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The Arrangement of Florets in Anthodia Optimizes Production of Germinable Seed in the Sunflower

Booth Id:

Physics and Astronomy


Finalist Names:
Suzuki, Nana
Shibata, Arisa
Harano, Shoko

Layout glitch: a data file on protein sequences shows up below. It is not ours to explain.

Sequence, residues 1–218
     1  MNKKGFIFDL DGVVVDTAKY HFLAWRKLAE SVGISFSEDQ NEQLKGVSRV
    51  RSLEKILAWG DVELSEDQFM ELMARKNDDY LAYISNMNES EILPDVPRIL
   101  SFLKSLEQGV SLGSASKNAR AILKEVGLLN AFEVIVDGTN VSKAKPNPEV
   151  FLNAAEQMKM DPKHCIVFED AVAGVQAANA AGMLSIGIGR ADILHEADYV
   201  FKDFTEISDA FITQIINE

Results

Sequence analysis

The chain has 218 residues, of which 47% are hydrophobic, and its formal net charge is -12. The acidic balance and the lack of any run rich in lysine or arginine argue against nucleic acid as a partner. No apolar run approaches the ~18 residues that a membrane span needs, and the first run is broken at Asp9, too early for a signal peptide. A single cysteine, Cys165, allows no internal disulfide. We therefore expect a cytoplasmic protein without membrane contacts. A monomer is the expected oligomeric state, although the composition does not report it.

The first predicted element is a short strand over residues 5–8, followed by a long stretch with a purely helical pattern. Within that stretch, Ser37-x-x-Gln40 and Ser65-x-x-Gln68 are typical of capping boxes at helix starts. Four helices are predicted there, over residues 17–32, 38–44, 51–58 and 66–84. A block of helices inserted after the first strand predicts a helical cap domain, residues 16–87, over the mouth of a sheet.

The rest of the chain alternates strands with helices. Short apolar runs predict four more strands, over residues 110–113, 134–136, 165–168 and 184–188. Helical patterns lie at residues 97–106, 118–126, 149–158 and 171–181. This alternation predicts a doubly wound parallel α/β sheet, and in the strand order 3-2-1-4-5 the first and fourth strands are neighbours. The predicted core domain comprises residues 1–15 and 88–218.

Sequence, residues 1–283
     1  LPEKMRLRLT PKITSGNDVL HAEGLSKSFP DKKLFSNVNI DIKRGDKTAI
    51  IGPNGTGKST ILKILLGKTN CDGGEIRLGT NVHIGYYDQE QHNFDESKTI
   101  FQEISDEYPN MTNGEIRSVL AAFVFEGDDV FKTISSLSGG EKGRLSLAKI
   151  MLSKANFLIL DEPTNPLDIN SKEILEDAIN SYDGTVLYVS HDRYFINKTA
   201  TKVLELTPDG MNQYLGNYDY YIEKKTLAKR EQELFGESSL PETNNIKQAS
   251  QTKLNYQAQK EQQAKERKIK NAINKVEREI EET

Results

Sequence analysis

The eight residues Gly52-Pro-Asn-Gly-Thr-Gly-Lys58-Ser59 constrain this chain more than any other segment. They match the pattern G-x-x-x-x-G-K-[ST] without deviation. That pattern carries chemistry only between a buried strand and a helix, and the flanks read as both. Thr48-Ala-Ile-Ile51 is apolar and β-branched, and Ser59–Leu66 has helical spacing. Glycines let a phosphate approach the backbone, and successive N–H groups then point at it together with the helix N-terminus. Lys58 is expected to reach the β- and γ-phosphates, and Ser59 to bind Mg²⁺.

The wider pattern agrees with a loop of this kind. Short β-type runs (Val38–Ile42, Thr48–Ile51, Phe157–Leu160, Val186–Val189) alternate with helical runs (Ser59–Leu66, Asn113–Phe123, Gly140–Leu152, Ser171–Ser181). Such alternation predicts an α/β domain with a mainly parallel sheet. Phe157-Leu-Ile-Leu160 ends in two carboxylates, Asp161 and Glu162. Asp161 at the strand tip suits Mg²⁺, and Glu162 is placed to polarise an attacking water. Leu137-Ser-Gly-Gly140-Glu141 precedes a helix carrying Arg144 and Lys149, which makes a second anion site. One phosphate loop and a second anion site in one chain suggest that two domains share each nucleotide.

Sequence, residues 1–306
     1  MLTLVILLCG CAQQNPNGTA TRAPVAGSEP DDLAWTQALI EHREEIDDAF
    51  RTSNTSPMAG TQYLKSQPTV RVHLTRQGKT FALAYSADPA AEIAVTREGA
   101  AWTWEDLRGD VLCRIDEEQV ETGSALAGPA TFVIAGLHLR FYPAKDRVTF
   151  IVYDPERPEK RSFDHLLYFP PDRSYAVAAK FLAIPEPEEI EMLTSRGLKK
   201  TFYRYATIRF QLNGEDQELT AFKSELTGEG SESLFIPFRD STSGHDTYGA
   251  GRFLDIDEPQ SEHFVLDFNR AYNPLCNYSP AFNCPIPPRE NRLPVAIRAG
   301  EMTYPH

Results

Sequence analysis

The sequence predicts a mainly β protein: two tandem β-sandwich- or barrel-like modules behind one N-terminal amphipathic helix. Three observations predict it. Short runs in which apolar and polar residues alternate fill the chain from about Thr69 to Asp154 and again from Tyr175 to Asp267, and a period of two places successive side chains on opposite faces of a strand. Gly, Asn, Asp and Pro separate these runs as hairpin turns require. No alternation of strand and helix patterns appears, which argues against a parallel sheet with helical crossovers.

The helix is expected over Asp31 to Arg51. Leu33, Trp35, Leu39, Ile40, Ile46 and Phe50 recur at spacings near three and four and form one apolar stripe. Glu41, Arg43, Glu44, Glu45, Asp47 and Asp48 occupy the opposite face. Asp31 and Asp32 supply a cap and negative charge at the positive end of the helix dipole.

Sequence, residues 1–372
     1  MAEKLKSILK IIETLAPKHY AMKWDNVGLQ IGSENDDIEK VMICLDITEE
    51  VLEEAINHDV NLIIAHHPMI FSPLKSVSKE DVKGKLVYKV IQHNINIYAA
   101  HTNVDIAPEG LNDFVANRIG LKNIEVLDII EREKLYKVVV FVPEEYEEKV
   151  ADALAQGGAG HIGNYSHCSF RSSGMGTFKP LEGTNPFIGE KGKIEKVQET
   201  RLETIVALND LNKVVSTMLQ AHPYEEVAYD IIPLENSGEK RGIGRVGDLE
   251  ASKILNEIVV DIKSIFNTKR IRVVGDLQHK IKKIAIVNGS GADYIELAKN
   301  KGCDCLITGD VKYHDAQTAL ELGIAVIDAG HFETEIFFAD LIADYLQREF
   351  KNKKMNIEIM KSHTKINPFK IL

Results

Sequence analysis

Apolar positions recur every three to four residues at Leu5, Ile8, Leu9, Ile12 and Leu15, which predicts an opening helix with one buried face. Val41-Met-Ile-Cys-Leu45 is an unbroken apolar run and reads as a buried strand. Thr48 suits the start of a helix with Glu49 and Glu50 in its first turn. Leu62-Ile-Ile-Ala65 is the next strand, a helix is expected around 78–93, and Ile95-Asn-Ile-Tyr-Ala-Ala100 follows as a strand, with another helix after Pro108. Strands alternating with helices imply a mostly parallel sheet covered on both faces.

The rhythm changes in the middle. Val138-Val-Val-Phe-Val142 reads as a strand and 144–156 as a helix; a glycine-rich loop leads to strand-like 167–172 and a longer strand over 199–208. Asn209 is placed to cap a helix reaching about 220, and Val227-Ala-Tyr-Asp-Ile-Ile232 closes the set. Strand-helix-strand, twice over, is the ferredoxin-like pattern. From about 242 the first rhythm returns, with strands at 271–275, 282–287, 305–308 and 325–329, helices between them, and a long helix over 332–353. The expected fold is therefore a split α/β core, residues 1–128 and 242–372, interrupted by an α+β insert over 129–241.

Some natural phenomena can be described by mathematical principles. The spiral arrangement of the florets in a sunflower (Helianthus annuus) inflorescence has a divergence angle of 137.5°, which is the “golden angle”. This study attempted to explain the physiological reasons for this arrangement of sunflower florets. After performing mathematical simulations which revealed the advantages of this floret arrangement in sunflowers, a refined mathematical model was developed by varying the divergence angle and examining its effect on floret areas. The findings showed that the golden angle is suitable for ensuring the optimal spacing of florets, and therefore seeds, on the sunflower inflorescence. We then examined the relationship among the germination capacity, weight, and position in the anthodium of the individual seeds. We found that the germination capacity of each seed was highly dependent upon weight and position of the seed. The germination rates of seeds lighter and heavier than 40 mg were very low (2.5%) and extremely high (84%), respectively. Seeds heavier than 40 mg were located relatively close to the periphery of the anthodia, forming a toroidal-shaped band of seeds with a high germination potential. This variation in germinable seed number may be closely related to the reproductive strategy employed by sunflowers. Our findings could be used to understand the maturation patterns of anthodia in other economically important species of the Asteraceae.